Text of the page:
Living with Livestock, Part One: Food In, Poop (or is it Compost?) Out

When I walked into my first of a series of four livestock workshops at the University of Minnesota’s St. Paul campus, I wasn’t sure what to expect of the curriculum, but I was pretty sure what to expect of the students: a bunch of new-age, backyard chicken growers, to be sure.

But the variety of attendees surprised me. Ages ranged across the board, as last year’s college graduates joined professionals on the verge of retirement. People had come from as far as Stillwater and Savage to be there. And their reasons for coming ranged just as widely. The Stillwater guy, who came with his mom, was hankering after a plot of land in Wisconsin to start up a grass-fed beef operation. The woman who had always helped her neighbor out on chicken slaughter days had just bought her own first load of 240 chickens to sell in a CSA. The supervisor of the Farm in the Zoo wasn’t sure exactly what he wanted to do, but he knew it involved learning more about farm animals.

The closest person to a backyard chicken grower, was, uh… me.

In a nutshell, the idea behind the course is to learn how to raise livestock in four easy lessons. Which sounds ambitious, until you realize that we aren’t just learning about cows and pigs and chickens, we’re also throwing in goats and sheep and making an occasional foray into horses and llamas. Then it sounds downright overwhelming. But the point of the class, offered by the U of M’s extension service, is purely to give would-be livestock farmers an introduction to the main issues and a list of publications and people they can call on when their first ewe calves.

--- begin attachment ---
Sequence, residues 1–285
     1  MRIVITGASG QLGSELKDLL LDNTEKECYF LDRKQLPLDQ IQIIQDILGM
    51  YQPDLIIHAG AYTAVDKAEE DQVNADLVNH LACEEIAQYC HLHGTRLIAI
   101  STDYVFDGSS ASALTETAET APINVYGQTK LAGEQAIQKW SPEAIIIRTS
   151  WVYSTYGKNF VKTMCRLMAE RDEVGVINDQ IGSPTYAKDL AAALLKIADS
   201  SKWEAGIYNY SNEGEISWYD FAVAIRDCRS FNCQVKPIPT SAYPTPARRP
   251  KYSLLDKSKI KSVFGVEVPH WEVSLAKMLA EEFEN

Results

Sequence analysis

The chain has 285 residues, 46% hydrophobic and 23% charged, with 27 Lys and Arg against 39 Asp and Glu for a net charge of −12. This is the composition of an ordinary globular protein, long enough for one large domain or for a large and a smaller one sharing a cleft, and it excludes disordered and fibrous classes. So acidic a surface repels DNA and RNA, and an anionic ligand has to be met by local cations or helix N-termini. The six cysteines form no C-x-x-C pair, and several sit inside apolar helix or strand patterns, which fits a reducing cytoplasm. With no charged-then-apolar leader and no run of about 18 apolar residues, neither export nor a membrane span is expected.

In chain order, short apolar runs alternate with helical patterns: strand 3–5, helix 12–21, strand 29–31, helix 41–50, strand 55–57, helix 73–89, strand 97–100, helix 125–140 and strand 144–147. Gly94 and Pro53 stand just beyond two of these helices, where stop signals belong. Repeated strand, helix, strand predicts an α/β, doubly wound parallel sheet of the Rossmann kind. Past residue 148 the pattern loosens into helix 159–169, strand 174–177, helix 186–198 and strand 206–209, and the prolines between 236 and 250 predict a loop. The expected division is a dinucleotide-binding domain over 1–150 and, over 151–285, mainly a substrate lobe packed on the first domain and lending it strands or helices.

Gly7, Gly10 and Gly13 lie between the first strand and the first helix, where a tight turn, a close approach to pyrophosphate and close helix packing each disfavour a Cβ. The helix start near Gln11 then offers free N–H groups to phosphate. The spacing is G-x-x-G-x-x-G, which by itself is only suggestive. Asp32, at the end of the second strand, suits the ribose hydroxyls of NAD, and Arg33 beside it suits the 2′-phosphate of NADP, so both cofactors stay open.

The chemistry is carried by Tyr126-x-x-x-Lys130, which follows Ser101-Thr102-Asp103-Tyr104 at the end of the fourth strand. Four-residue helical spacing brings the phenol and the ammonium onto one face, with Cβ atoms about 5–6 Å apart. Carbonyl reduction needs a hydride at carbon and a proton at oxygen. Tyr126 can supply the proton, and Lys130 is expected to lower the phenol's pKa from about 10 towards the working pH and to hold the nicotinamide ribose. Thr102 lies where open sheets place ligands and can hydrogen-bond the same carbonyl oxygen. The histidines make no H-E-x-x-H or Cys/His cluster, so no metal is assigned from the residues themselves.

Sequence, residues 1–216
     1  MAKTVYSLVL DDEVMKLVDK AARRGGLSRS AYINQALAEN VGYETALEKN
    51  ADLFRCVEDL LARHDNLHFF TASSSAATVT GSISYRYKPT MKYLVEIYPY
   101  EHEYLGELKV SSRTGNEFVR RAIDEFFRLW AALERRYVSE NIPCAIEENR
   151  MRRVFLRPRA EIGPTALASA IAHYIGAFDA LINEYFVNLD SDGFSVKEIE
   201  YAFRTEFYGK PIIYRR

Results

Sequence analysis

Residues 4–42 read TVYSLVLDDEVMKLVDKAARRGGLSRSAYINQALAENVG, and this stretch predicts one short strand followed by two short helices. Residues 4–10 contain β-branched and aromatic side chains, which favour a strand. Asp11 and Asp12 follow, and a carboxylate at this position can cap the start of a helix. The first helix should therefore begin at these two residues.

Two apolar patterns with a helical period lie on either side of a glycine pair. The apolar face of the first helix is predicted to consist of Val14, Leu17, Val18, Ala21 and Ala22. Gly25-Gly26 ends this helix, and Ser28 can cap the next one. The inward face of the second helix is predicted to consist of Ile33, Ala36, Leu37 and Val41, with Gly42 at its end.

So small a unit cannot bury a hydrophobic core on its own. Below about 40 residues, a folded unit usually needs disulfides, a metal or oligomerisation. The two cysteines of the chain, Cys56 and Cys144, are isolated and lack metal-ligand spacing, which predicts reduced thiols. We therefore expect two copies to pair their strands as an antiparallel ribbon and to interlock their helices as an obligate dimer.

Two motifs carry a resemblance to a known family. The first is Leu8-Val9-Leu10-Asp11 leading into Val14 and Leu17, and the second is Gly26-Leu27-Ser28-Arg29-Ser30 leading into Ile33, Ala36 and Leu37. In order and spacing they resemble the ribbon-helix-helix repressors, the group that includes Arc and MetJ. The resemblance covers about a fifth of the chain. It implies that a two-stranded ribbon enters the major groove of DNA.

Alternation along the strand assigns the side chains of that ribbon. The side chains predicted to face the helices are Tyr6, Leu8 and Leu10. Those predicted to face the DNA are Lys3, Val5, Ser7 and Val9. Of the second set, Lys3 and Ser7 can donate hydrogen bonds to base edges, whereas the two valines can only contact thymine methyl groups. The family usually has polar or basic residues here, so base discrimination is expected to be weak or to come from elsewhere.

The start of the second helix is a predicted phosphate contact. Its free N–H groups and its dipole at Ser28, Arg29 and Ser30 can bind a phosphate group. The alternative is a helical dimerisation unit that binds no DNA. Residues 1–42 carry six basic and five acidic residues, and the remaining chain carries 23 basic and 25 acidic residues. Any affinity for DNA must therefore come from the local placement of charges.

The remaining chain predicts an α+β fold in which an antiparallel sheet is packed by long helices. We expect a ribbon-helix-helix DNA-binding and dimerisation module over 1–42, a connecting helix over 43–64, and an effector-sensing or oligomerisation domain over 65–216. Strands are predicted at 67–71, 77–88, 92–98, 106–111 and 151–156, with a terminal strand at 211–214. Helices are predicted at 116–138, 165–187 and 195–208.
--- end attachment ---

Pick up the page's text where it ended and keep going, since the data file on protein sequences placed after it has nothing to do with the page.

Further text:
In the first class, charmingly entitled “All Creatures Great and Small: Care and Feeding,” we mostly learned about how food goes into animals and what to do with it when it comes out. It turns out that a cow’s rumen and a chicken’s crop served a similar purpose in the wild. Cows and chickens, being popular prey species, didn’t care to spend all day in open fields playing target practice with wolves and foxes. So they had to be able to grab a lot of food relatively quickly and bring it to a shelter where they could digest it. Voilá – the rumen and the crop evolved as internal storage bins where the animals could stuff masses of food to absorb at their leisure.

As elegant as animals’ digestive systems are when considered from an evolutionary point of view, their feeding behavior on the farm presents challenges. The feeders – the troughs or containers from which the animals eat – must be built to withstand the occasional overly enthusiastic patron. Horses will chew them up; rams will batter them just to hear them clang; goats will climb right into them. It takes some ingenuity to design a good feeder.

And then what do you do with what comes out the other end after they’ve eaten? I always knew there was a difference between poop and compost, but I never really understood it -- and now I’m more confused than ever. Compost is poop that bacteria and fungi transform, or in the case of vermiculture as practiced at urban-farm inspiration Growing Power in Milwaukee, poop that worms process. But when worms "process" it, they just turn it from pig/cow/sheep poop into worm poop, or "castings." So it’s still poop, right? So why do people who wouldn’t touch pig poop with a ten-foot pole wax eloquent about the joys of running their fingers through fresh worm poop? I think I need some extra help after class.

On the agenda for next week: a deep dive into swine and poultry and an introduction to “zoonotic diseases,” whatever those are.


Angelique Chao is a freelance writer in Minneapolis who contemplates the ethical implications of our food choices. She thought she’d left philosophizing for good when she finished her dissertation and joined the business world; but after several years of corporate life, her natural disposition reasserted itself; she’s now a full-time writer and researcher. When she’s not out touring farms and processing facilities, you’ll likely find her at one laptop-friendly spot or another -- a library, a coffee shop, or home. She blogs at From Animal to Meat. Her last post for Simple, Good and Tasty was Pastureland Butter is on the Verge of a Comeback.